Shih Tzu Standard

by Janice Jones     |Last Updated 07-14-2021

The Shih Tzu standard is the description written by the breed's parent club, the American Shih Tzu Club that describes what an ideal Shih Tzu should look and act like.  Breeders strive to produce dogs as close to the standard as possible and dogs, but there is not a perfect dog. 

When I first started with dogs, I didn't know the difference between a hock, a croup, or a stop.  The terminology of the dog world was like learning a foreign language.  To help you understand some of the terms, I've included this crude diagram so you will know your hock from your croup or stop!

The descriptive standard below can be found on the American Kennel Club website or from the parent club, the American Shih Tzu Club.

Each country has its own kennel club and unique breed standard, though most are all very similar

Dog Anatomy


Shih Tzu Standard:   The General Appearance

Shih-Tzu-Young-AdultParker (Tri-color Shih Tzu) from Ontario Canada

The Standard is Courtesy of the AKC and American Shih Tzu Club

My personal comments and explanations are written in red for clarification purposes.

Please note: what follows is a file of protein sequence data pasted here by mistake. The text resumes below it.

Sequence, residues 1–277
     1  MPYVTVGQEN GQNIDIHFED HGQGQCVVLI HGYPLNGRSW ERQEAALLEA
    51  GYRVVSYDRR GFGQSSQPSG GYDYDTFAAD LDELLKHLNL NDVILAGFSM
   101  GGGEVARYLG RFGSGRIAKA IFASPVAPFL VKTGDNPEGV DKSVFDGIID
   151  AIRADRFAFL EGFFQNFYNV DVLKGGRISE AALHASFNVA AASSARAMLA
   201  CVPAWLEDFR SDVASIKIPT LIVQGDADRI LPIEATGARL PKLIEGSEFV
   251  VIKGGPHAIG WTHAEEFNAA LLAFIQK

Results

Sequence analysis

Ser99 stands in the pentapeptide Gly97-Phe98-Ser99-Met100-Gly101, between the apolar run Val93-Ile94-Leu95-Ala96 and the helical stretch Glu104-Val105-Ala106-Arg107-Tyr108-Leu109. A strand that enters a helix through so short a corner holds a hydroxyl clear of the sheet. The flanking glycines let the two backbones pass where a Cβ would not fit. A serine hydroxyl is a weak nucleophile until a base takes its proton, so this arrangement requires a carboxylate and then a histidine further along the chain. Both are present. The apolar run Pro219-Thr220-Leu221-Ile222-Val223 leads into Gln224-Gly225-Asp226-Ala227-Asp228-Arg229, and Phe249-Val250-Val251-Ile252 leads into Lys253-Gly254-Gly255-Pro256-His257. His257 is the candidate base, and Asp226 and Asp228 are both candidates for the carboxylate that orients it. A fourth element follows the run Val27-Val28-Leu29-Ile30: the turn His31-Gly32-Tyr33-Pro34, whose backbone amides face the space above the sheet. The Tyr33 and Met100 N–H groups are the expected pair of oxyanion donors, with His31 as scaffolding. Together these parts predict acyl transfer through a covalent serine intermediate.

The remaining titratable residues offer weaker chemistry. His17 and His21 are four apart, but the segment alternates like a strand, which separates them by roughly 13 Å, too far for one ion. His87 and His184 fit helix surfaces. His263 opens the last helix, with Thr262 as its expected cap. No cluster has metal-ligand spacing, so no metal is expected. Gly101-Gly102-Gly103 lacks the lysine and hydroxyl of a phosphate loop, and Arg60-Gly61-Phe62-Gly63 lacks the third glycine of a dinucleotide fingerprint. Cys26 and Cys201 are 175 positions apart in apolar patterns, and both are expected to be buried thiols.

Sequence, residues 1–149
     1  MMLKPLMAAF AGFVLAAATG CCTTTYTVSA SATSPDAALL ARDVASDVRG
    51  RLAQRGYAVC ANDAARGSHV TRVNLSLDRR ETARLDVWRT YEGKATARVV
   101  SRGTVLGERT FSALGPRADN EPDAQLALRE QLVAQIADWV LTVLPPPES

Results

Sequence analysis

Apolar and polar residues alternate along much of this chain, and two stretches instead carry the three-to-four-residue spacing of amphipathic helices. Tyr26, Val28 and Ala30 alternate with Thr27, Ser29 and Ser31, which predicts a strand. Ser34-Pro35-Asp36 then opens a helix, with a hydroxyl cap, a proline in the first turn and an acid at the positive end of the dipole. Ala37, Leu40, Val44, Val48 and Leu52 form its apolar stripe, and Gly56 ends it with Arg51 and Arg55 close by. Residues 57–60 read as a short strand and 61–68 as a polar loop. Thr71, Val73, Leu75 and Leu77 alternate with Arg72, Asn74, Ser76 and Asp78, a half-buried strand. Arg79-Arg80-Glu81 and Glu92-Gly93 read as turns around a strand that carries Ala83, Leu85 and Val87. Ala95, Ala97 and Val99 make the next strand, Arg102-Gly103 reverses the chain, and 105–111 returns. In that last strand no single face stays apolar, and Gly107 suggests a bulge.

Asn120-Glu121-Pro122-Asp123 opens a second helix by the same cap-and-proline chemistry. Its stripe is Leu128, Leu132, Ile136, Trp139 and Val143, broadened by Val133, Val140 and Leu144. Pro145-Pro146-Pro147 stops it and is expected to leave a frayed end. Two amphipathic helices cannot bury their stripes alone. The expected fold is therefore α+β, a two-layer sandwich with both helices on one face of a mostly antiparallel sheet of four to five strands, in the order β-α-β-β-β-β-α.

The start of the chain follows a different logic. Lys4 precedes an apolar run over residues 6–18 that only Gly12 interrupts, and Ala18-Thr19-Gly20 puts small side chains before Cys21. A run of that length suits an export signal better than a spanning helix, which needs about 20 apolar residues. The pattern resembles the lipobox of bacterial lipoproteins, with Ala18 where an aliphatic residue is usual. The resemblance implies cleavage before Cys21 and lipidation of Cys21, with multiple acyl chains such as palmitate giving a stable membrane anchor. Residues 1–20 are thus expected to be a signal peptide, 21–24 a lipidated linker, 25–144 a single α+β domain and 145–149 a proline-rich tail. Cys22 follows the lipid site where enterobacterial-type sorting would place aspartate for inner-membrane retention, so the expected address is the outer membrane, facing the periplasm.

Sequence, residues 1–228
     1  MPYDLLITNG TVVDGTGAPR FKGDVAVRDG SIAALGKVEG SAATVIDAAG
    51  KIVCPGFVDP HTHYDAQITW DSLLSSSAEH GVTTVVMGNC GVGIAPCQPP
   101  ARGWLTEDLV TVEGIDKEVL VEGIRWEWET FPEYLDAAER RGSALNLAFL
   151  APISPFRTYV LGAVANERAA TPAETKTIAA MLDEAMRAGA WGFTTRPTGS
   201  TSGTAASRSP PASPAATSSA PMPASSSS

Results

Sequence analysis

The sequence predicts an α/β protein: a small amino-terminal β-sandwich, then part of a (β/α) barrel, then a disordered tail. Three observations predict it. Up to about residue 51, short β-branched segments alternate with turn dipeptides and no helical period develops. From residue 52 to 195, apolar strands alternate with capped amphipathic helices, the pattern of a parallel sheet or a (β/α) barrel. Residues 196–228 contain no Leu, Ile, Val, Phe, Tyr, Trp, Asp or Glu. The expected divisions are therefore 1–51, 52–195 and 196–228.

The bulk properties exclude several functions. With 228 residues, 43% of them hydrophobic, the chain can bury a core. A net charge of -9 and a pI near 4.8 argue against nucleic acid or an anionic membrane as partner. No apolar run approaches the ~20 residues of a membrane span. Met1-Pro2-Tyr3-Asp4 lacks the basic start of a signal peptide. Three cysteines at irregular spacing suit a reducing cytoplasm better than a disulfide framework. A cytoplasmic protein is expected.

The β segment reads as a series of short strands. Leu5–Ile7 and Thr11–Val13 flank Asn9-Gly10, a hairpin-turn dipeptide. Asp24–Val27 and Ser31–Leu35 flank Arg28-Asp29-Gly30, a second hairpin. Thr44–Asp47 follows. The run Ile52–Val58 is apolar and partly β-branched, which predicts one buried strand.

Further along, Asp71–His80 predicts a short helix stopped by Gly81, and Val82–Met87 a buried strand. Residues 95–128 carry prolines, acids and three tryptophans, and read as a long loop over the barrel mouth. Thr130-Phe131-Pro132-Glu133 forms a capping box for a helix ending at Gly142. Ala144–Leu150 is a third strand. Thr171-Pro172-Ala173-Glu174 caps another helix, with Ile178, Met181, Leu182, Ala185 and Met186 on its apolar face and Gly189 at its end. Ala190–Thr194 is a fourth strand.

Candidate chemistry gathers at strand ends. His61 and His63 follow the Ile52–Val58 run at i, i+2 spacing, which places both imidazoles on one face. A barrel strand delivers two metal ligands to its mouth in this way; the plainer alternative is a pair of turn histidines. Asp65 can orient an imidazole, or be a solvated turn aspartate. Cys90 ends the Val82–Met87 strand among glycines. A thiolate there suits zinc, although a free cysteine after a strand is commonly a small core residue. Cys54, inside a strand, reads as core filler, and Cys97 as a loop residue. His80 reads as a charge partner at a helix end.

The Shih Tzu is a sturdy, lively, alert toy dog with long flowing double coat. Befitting his noble Chinese ancestry as a highly valued, prized companion and palace pet, the Shih Tzu is proud of bearing, has a distinctively arrogant carriage with head well up and tail curved over the back.

Although there has always been considerable size variation, the Shih Tzu must be compact, solid, carrying good weight and substance.Even though a toy dog, the Shih Tzu must be subject to the same requirements of soundness and structure prescribed for all breeds, and any deviation from the ideal described in the standard should be penalized to the extent of the deviation.

Structural faults common to all breeds are as undesirable in the Shih Tzu as in any other breed, regardless of whether or not such faults are specifically mentioned in the standard.

Bearing refers to the way the dog moves, stands and behaves.

Carriage:  How the dog moves his head and body

Compact:  Short Leg

Good Weight and Substance:  Not too skinny, not too log

Shih Tzu Standard:  Size, Proportion, Substance


Ideally, height at withers is 9 to 10½ inches; but, not less than 8 inches nor more than 11 inches. Ideally, weight of mature dogs, 9 to 16 pounds.


Length between withers and root of tail is slightly longer than height at withers. The Shih Tzu must never be so high stationed as to appear leggy, nor so low stationed as to appear dumpy or squatty.


Regardless of size, the Shih Tzu is always compact, solid and carries good weight and substance.